Thursday, September 01, 2005

art and technology

I've been reading minutes of old meetings for the board that regulates professional engineers. At one point, they were talking about electronic signatures. There's a quote here from President Clinton as he signed the Electronic Signatures in Global and National Commerce Act:
Just imagine if this had existed 224 years ago, the Founding Fathers wouldn't have had to come all the way to Philadelphia on July 4th for the Declaration of Independence. They could have e-mailed their John Hancocks in.
It might be a signature, but it wouldn't be a John Hancock. I think art and technology were closer in the old days when we knew less technology but remembered a lot of art. It seems like there's a disconnect now, at least in a lot of cases. Not all of them -- Apple usually has a good blend, for instance -- but often things are either artistic, with minimal functionality, or functional with bits of art poking through like grass through a sidewalk.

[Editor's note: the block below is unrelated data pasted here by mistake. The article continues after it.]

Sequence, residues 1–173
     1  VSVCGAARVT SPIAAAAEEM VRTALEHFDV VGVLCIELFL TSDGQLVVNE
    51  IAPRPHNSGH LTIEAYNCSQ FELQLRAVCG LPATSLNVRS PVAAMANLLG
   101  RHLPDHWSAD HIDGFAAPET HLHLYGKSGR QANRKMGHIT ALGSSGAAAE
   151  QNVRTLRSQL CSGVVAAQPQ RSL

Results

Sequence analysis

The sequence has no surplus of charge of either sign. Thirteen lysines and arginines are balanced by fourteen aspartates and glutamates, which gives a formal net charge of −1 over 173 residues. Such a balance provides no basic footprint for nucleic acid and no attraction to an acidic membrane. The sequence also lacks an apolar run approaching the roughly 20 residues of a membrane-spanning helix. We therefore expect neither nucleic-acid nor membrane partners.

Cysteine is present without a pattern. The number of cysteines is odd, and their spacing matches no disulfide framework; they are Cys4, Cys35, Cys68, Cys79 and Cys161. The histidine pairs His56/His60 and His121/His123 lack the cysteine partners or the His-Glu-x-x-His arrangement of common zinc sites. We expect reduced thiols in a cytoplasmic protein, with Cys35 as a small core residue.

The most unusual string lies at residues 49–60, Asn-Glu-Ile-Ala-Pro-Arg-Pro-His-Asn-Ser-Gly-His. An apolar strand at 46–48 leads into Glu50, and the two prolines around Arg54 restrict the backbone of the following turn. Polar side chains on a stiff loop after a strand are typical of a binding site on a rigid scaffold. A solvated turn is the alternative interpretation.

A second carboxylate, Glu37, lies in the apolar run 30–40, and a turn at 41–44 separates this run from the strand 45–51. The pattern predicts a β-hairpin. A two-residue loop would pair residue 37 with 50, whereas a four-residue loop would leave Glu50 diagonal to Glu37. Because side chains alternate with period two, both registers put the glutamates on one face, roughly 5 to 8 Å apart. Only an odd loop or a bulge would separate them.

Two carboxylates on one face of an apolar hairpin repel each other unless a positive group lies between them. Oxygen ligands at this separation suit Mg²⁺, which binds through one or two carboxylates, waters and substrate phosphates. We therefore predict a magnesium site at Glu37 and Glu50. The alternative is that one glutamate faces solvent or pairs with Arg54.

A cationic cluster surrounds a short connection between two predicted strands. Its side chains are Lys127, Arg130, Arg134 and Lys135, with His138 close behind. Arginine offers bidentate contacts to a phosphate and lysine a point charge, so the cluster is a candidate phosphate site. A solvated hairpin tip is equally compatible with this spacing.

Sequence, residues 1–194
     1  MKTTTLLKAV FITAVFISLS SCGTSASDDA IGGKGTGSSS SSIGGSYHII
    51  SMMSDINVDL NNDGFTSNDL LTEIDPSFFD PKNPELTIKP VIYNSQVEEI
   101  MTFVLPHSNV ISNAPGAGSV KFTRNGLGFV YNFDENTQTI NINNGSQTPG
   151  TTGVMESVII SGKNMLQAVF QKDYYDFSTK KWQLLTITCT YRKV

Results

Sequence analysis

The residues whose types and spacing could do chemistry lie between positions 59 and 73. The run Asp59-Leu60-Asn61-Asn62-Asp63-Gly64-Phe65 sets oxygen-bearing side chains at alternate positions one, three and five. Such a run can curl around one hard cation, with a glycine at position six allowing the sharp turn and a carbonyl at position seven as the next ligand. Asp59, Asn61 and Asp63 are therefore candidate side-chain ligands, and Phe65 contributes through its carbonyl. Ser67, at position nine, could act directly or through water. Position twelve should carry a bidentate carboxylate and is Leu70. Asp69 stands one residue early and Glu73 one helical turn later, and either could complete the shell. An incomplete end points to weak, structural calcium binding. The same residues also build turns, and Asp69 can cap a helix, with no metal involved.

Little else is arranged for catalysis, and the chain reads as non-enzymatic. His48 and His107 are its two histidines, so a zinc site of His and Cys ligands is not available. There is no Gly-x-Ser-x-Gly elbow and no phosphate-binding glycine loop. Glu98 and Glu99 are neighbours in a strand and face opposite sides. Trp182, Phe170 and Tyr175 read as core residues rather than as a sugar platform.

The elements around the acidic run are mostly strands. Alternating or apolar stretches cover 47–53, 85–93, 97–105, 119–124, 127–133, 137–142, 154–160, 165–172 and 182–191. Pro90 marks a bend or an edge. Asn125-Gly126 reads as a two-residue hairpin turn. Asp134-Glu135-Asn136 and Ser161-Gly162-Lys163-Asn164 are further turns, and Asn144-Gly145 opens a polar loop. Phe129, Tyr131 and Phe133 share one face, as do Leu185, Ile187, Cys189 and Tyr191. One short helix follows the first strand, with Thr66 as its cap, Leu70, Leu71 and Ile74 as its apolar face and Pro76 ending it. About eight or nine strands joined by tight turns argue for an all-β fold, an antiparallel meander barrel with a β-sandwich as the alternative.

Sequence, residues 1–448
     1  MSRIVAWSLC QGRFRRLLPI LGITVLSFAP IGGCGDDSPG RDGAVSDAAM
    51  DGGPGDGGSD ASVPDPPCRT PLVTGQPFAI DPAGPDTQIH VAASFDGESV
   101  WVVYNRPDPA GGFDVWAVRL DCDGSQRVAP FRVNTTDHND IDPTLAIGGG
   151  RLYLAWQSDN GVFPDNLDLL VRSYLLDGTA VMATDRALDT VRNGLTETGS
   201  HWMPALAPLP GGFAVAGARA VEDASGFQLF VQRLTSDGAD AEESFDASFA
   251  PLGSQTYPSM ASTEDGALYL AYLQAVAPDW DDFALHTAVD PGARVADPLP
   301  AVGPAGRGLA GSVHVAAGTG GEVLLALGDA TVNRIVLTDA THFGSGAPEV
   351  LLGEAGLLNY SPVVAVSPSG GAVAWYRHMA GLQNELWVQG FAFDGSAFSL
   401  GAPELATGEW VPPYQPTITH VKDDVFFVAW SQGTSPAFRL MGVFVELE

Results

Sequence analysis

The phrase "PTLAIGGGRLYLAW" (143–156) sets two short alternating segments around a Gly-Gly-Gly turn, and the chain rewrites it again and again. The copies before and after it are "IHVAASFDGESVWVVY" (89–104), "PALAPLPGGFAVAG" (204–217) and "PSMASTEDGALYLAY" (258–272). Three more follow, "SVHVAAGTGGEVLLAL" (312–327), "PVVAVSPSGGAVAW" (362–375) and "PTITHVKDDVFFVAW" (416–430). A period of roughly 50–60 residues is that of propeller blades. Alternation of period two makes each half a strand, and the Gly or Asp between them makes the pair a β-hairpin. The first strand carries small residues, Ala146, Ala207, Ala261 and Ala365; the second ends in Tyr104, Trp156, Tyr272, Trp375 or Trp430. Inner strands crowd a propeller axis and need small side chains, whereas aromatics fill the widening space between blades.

The advantage? Technology that doesn't have to sacrifice functionality on the altar of being pretty. Art that's not tied by practicality. The disadvantage? Clunky black and gray laptop computers running clunky operating systems. Awkward-looking gas stations, electric substations, and train yards.

I guess the question is whether the tradeoff is worth it: the fact that it's so common argues in favor, but the popularity of the iPod argues against.

No comments: